ACT in Steps: A Transdiagnostic Manual for Learning Acceptance and Commitment Therapy

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Oxford University Press, 2020 - Psychology - 200 pages
ACT (acceptance and commitment therapy) can be applied to any psychological disorder that involves struggle with inner experiences. With over 300 randomized clinical trials supporting its effectiveness, ACT has seen rapid growth in popularity, and an increasing number of therapists are being trained in its use. As such, the demand for practical resources on providing ACT has never been greater.

ACT in Steps is aimed at any therapist who wants to get familiar with ACT. Chapters walk therapists through a recommended sequence of ACT sessions, including creative hopelessness, control as the problem, acceptance, defusion, mindfulness, values, and committed action, and provide accompanying materials for clients. The book also provides information on assessment, case conceptualization, treatment planning, and intervention that therapists can use as a starting point for practicing ACT. Exercises and worksheets are included which will continue to be useful long after readers have achieved mastery of ACT. Designed to serve as a more structured framework from which therapists can learn and experiment with ACT concepts, ACT in Steps is suitable for anyone interested in applying ACT across a range of presentations, from graduate students seeing their first clients to clinicians with years of experience interested in learning about ACT for the first time.
 

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Contents

1 What Is Acceptance and Commitment Therapy ACT?
1
2 Assessment
19
3 General Guide to the ACT Therapeutic Context
33
ACT Orientation and Creative Hopelessness
47
Session 1 Homework
59
Control as the Problem
61
Acceptance Supported by Defusion
77
Acceptance Defusion Mindfulness and Values
93
Appendix A General ACT Principles
149
Appendix B SessionbySession ACT Cheat Sheet
151
Appendix C Behavioral Commitment Worksheet
155
Appendix D List of Mindfulness Apps
157
Appendix E NOTE Handout
159
Appendix F Valued Living Questionnaire VLQ
161
Appendix G BullsEye Values Survey BEVS
165
Appendix H SelfGuided ACT Resources
169

Acceptance Defusion Mindfulness and SelfasContext
109
Values
119
Values and Behavioral Commitments
133
Maintaining Growth
141
About the Authors
173
Index
175
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About the author (2020)


Michael P. Twohig, PhD is a licensed psychologist in the state of Utah and a Professor of Psychology at Utah State University. He received his BA and MS from the University of Wisconsin-Milwaukee, his PhD from the University of Nevada, Reno, and completed his clinical internship at the University of British Columbia Hospital. He is past-President of the Association of Contextual Behavioral Science, the organization most associated with Acceptance and Commitment Therapy (ACT). His research focuses on the use of ACT across a variety of clinical presentations with an emphasis on obsessive compulsive and related disorders. He has published over 100 peer-reviewed articles and three books: An ACT-Enhanced Behavior Therapy Approach to the Treatment of Trichotillomania (with Woods), ACT Verbatim for Depression and Anxiety (with Hayes), and Innovations in Acceptance and Commitment Therapy (with Levin and Krafft). His research has been funded through multiple sources including the National Institute of Mental Health.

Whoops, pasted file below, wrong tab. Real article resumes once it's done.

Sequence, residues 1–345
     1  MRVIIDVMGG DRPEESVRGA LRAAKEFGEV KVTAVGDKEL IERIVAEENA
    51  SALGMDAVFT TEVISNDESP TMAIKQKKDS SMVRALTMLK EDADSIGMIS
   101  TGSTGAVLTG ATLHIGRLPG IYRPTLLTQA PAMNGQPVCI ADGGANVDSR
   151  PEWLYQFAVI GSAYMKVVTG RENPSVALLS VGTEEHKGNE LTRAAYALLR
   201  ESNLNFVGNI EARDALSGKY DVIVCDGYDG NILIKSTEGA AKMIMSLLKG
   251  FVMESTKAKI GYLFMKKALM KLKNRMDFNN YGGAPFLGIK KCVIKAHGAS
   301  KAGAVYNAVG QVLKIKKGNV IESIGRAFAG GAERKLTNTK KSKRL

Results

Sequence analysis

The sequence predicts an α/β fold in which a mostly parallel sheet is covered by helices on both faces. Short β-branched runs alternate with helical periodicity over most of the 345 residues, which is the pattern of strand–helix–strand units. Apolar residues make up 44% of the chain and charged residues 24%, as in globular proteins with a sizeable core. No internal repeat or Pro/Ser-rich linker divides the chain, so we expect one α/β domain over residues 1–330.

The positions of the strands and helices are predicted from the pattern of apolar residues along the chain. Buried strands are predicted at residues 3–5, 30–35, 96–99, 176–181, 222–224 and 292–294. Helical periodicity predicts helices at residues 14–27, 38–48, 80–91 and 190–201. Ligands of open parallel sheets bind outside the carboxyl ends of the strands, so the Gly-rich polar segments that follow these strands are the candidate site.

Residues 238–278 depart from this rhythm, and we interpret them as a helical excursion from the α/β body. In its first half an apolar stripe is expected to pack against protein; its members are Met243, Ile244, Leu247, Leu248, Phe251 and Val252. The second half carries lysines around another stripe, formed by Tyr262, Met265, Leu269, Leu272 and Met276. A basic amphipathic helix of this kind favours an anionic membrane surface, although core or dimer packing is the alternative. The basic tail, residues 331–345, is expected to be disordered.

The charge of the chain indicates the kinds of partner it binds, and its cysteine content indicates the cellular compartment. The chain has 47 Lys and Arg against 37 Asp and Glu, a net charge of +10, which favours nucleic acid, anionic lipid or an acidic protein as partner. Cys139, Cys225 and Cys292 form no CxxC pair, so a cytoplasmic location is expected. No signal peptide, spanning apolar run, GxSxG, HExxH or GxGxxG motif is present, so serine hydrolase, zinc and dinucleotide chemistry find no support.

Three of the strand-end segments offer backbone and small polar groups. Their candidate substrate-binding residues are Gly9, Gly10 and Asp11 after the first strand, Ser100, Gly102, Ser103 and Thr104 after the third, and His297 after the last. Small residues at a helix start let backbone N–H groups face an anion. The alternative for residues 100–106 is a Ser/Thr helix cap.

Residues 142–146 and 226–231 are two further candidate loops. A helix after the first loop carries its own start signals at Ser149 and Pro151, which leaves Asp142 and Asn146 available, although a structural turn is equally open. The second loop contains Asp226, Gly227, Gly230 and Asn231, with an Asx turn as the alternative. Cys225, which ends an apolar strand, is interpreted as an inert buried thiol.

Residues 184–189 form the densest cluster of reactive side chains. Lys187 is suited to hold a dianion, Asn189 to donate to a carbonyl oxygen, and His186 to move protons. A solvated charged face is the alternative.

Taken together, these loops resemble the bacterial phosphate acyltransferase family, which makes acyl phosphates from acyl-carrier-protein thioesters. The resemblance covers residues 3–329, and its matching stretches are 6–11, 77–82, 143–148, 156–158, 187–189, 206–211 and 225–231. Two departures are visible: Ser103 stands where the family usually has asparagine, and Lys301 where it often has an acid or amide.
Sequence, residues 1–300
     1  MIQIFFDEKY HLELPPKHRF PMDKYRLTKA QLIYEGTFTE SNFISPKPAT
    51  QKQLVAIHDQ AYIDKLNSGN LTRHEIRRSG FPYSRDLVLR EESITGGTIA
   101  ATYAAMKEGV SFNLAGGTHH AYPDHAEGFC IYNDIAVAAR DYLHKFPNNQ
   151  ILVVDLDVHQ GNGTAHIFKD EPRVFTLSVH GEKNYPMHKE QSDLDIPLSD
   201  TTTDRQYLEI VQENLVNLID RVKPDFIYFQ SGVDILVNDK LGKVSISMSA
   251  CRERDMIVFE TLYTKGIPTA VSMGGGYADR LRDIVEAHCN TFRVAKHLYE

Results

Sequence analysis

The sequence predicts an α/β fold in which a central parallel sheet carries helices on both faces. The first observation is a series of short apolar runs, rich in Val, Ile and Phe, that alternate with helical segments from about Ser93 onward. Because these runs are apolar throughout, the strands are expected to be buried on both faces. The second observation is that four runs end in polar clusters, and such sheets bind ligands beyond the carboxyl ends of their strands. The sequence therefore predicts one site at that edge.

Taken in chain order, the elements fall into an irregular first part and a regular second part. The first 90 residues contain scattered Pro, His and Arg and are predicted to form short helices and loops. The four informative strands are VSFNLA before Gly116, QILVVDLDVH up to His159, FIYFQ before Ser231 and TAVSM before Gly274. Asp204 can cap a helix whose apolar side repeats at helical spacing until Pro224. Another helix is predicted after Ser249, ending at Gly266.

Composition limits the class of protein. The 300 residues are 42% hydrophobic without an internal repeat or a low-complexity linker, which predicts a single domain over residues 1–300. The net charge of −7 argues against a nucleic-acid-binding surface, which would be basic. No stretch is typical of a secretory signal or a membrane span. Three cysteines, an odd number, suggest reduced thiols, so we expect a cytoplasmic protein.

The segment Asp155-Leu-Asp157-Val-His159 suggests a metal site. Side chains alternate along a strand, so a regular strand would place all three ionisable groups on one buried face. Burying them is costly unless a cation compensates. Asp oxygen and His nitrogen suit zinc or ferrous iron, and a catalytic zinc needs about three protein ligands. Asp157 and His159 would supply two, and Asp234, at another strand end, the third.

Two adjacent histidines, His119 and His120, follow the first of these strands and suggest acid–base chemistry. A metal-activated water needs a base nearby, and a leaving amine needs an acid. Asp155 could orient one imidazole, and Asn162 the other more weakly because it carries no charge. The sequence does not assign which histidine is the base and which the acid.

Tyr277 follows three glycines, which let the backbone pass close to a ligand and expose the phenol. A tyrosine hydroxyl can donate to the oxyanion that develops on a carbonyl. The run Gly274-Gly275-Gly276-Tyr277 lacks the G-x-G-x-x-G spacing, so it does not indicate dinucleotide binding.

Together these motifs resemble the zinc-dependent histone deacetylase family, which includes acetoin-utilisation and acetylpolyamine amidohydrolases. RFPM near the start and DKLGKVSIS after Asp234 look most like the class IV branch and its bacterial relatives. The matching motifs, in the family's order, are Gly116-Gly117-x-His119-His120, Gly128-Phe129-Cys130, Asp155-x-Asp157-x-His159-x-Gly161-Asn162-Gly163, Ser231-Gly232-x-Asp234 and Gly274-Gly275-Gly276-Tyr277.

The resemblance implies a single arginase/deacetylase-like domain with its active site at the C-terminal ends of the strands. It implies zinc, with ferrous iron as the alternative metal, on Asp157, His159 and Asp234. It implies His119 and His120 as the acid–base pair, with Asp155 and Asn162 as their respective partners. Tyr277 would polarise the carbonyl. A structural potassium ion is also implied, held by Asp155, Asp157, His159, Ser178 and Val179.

Michael E. Levin, PhD is an Associate Professor of Psychology at Utah State University and a licensed psychologist in the state of Utah. He received his PhD in Clinical Psychology from the University of Nevada, Reno under the mentorship of Dr. Steven C. Hayes and completed his predoctoral internship at the Brown University Clinical Psychology Training Consortium. Dr. Levin's research focuses on online and self-guided Acceptance and Commitment Therapy (ACT) interventions to improve the reach and impact of mental health services, which has been supported by funding sources including the National Institute of Health. He has published over 100 articles and book chapters, primarily on ACT. Dr. Levin has published two previous books: Innovations in Acceptance and Commitment Therapy (with Twohig and Krafft) and Mindfulness and Acceptance for Addictive Behaviors (with Hayes).

Clarissa W. Ong, MS, is a fifth-year doctoral student in the Combined Clinical/Counseling Psychology program at Utah State University. She received her BA from Smith College. Her research interests include developing and testing process-based interventions for anxiety and obsessive-compulsive related concerns and psychometric evaluation of clinical measures.

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